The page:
Chingu is the Korean for friend. He’d named himself that because he wanted everyone who met him to think of him as a friend. He’d named his sister Mokda, which means “eating,” because eating was his favourite thing to do, so he figured that’s what his best friend should be called. Halabochi means grandfather.
The second assembly is being held now. It’s a week since the first one took place, and two important things have been happening since then.
The first is that Chingu’s idea of a pack of all the animals has been spreading through the animal grapevine, and the second is that more and more of the animals have been coming around to Annie’s way of seeing the bee’s suicide.
These two important things have been meeting in quite a few of the animals’ minds, and finally a group of them have put together a solution for our impasse based on the two.
The shark, Lejo, rises to the top of his tank to speak on behalf of the group who have taken the lead designing the pack of all the animals. “Animals,” he says to them, “I am probably the last creature on Earth you would have expected to speak on behalf of a proposal like this.”
I see the chicken near me gesture that she does not entirely agree. No one sees her but me.
Hundreds of years ago human slave captains used to throw living people from the decks of their boats to make sure that groups of sharks would keep following them, hungry for human meat. It stopped the sailors deserting, and made the slaves that much more reluctant to kill themselves. In a sense, sharks are a domesticated animal like me.
“The dead representative has opened our eyes to a very important fact. On the one hand, it is impossible for any of us to make a decision as important as the one before us for ourselves, when we are not completely ourselves without the rest of our families, as close or as vicious as they may be. At the same time, even if we were together, even if each of us was in fact the many animals that would be needed so that we could choose to accept or reject intelligence for ourselves, that would still not mean that what we chose could be taken as the choice of all the other animals who were never asked their opinion.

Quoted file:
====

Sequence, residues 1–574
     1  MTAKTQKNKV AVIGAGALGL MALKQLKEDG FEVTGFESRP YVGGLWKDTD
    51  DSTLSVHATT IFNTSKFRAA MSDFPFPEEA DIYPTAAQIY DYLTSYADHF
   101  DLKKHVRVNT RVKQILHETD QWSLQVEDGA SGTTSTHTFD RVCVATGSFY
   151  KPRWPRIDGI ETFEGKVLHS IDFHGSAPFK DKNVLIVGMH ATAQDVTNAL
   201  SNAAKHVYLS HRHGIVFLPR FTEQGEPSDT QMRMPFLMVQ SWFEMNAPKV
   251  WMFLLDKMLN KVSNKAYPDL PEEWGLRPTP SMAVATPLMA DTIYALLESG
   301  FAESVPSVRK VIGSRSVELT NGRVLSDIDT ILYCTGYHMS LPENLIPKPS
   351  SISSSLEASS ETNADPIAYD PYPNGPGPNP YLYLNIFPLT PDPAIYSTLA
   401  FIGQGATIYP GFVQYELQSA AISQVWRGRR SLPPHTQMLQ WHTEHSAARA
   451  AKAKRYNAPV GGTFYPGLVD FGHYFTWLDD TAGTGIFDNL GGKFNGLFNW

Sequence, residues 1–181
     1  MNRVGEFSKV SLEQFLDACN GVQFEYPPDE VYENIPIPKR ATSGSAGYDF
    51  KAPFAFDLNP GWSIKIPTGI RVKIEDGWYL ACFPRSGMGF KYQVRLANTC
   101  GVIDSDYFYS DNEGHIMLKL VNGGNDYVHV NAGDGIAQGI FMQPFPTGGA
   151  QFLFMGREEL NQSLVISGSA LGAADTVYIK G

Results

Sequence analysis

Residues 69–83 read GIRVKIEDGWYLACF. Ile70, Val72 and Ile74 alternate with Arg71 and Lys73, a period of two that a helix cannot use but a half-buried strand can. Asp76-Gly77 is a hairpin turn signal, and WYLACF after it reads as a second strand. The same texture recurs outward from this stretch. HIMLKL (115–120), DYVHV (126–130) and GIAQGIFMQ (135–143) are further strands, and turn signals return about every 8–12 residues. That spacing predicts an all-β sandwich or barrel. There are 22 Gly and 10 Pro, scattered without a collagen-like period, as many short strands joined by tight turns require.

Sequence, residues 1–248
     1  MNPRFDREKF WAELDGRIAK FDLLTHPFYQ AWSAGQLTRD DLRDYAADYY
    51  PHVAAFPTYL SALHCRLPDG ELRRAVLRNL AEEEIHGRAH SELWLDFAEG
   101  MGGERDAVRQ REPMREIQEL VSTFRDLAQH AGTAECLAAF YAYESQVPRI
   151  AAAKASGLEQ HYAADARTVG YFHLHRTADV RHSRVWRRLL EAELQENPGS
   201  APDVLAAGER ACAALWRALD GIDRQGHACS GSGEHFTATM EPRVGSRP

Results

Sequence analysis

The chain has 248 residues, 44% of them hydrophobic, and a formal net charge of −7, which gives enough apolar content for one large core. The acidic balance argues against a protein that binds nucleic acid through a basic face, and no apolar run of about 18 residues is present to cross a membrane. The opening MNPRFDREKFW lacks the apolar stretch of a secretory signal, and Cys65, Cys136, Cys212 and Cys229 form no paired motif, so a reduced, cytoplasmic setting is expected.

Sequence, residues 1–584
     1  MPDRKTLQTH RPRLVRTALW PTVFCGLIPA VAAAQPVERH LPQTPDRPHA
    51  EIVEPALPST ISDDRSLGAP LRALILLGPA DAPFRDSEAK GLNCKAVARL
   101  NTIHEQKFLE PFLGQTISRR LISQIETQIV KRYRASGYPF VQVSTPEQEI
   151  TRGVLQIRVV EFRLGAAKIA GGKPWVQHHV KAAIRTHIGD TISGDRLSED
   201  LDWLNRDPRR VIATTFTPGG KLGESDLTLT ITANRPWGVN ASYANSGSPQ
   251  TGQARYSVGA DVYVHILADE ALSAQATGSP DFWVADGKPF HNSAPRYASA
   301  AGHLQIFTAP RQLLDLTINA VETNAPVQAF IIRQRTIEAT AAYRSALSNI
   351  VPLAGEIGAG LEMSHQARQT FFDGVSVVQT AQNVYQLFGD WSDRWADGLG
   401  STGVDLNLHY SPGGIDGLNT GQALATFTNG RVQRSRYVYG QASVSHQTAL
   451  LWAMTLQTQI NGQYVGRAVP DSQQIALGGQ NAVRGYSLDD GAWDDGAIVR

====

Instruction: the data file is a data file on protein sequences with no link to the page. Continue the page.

“The solution to the dilemma is to ask each individual animal in the world what they want. This is not easy, and will in fact be an extremely time-consuming activity. If I were to do this, just for the sharks of the world, it would take me longer than I have to live to ask just a few. And in all likelihood, perhaps only one shark would accept intelligence, and then their lives would be given over like mine to this endlessly hopeless task. This problem would be only more acute in the social animals, who unlike sharks would have to find ways to communicate not with individual creatures, but with whole groups of the unintelligent.
“So individually the task is impossible for each species. This is why the second part of our proposal is for all the animals who choose intelligence to form one big pack, where all the members will help each other to talk to the animals of the world and present them with this choice. When one animal learns a good way of making itself understood to the unintelligent, it can teach it to all the other species. That way in every species there will eventually be not one representative, but many intelligent animals who can do even more work for the group. Some of these animals will be able to specialise in teaching those who join the ranks of the intelligent how to talk to the unintelligent, and so over time we will grow ever more efficient in our task. According to our groups calculations, it should therefore be possible to finish the work of the congress in as little as a million years.”
The speech is met with rapturous applause. When it comes time to vote whether or not to accept the proposal, I vote with vast majority who say yes. I couldn’t tell you why they all agreed, because I hardly take myself as the standard measure of the others, but I’m mostly just glad not to have a responsibility it was absurd to give me anymore.
Somehow the representatives who were assigned the task of talking the humans into letting us keep this building as a base of operations were successful. It’s three weeks since the congress brought itself to a close, and the Growing Island Celebration Hall is almost empty again. Almost all the other animals have left to go spreading the word.
We decided to keep the name Growing Island Celebration Hall, though of course it means something different to us now.
The congress wasn’t actually due to finish for another week, so a problem arose a few days ago. One of the last delegates scheduled to arrive was an extremely rare fish called the fangtooth. There are only about five of them left in the world.